I get so bored with the Ball and Kerr jar styles available here. They use to offer more decorative options but lately it’s just the standard plain or quilted jars. Every once in a while I’ll come across one of the old squat round jars embossed with fruit and I’ll snatch it up. The last year or two Ball has put out it’s “Elite” series which is a squat squarish jar that I really like ( http://bit.ly/i6fexZ ) but they don’t stack at all. I use them strictly for preserves intended for gifts. I love the Weck jars but they’re expensive and I’m loath to add another sealing technique into the mix. I think I’d be satisfied if the designers for the Ball Elite jars would just modify them enough so they would stack in a stable fashion making storage easier.

I’m slowly changing over to these reusable lids ( http://bit.ly/fFMey0 ) because in the long run these are a money saver. And Lehman’s is also an ongoing source of rubber gaskets for the bale-fitted jars ( http://bit.ly/fYCsZz ).

Comment by Rebecca 02.28.11 @ 4:14 pm

Great post…nice to see your collection…us jar fetishists appreciate it.

Comment by msmarmitelover 02.28.11 @ 5:03 pm

Just started following your blog – I love jars. Great post. Hoping to come to Selvedge. Save me some jars!!! x

Comment by Emma 02.28.11 @ 6:04 pm

You’ve accumulated such a beautiful collection.

Comment by Denise | Chez Danisse 02.28.11 @ 9:49 pm

I am definitely going to try this blueberry preserve recipe. Thanks for sharing. Indira (www.saucyonion.blogspot.com)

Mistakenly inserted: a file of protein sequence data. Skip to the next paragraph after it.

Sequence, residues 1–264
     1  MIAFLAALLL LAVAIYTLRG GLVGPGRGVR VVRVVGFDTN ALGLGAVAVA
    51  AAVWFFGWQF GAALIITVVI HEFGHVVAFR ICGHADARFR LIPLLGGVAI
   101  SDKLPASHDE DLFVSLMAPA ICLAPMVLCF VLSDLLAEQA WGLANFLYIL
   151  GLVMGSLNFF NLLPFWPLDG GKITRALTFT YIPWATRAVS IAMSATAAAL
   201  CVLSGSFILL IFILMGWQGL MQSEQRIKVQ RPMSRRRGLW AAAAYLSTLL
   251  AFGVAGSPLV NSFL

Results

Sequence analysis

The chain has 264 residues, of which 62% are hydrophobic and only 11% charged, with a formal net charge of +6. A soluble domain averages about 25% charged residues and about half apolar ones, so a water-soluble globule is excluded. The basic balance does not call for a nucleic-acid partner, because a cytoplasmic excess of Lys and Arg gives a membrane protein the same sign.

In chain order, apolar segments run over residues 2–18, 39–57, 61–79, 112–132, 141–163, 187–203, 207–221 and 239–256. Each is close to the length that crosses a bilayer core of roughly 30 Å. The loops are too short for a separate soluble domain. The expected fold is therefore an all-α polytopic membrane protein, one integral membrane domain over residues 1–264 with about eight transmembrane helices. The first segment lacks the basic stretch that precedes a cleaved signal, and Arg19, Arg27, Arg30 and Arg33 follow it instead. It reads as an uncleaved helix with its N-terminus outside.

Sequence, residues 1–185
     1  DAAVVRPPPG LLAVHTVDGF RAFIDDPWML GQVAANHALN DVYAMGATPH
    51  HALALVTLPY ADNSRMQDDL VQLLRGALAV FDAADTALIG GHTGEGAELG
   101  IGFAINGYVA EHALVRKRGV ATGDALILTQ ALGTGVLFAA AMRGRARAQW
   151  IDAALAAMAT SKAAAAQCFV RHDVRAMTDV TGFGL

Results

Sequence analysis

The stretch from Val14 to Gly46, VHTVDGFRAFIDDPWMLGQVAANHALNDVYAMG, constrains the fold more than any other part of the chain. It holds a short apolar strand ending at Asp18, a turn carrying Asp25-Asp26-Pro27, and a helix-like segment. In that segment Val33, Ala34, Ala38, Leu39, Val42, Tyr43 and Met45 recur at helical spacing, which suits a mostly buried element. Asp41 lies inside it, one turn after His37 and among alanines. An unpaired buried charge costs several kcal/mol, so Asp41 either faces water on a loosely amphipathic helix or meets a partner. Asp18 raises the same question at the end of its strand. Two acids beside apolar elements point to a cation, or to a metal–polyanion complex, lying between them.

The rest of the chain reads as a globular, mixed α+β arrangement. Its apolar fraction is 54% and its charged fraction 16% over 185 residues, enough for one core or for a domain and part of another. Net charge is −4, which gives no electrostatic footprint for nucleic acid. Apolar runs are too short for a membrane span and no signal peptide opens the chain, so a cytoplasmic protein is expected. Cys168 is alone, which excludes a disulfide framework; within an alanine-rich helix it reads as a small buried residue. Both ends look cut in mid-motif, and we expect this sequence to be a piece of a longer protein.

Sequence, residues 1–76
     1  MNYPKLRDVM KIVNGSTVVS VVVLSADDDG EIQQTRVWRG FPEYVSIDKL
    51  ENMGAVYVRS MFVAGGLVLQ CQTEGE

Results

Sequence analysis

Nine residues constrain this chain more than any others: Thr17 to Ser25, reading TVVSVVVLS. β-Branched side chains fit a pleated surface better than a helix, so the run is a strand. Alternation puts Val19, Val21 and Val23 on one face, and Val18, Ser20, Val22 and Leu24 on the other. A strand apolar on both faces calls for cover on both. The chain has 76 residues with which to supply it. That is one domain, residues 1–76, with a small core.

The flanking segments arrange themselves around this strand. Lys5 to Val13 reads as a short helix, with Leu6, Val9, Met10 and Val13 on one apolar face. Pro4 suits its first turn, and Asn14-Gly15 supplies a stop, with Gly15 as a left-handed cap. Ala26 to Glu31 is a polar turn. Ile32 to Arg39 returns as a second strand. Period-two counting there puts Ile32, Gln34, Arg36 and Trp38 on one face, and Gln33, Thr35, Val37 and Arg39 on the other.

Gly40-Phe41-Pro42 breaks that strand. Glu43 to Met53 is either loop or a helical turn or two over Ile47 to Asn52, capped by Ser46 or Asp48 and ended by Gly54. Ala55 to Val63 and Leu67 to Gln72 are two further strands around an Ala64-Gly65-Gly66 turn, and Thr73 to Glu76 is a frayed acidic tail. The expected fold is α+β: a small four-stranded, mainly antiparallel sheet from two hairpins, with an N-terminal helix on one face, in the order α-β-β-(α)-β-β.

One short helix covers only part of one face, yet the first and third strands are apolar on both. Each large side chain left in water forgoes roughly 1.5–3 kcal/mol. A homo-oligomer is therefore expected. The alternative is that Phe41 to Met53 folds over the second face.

Comment by indira naidoo 03.01.11 @ 4:44 am

Hello- I’ve just found your blog- I was attracted by your jars and jams. The quilteds are what I use to make my marmalade, jams and jellies here in Florida. It’s currently orange and grapefruit marmalade and strawberry jam and jelly season. I love the look of other jars, but the sealing gives me pause. Thanks for sharing- I look forward to going back through to read your archives.

Comment by Jill Crossfield 03.01.11 @ 5:41 am

Wish I could pop over for that sale! Sometimes I catch myself just admiring my jars. Glad there are pals like you out there!

Comment by Julia 03.01.11 @ 1:33 pm

I am drooling over those ravenheads. gah! we need a jar swap lady! I’ll paddle those babies across the pond with my own paws. 🙂

Comment by tigress 03.02.11 @ 6:10 am

I am so happy to have come across your blog. This is seriously one of the most gorgeous posts I have ever seen. Be still my heart!

Comment by sherrieg 03.02.11 @ 12:14 pm

I have a few jars in my collection from across the pond. I’m up for a jar swap–I’d love to have one of the smallest Ravenhead Kilner jars with a red lid!

Comment by Mimi 03.09.11 @ 3:17 am

I’ll echo the comment about us jar fetishists – thanks for the photos!

Comment by trashmaster46 03.27.11 @ 11:42 pm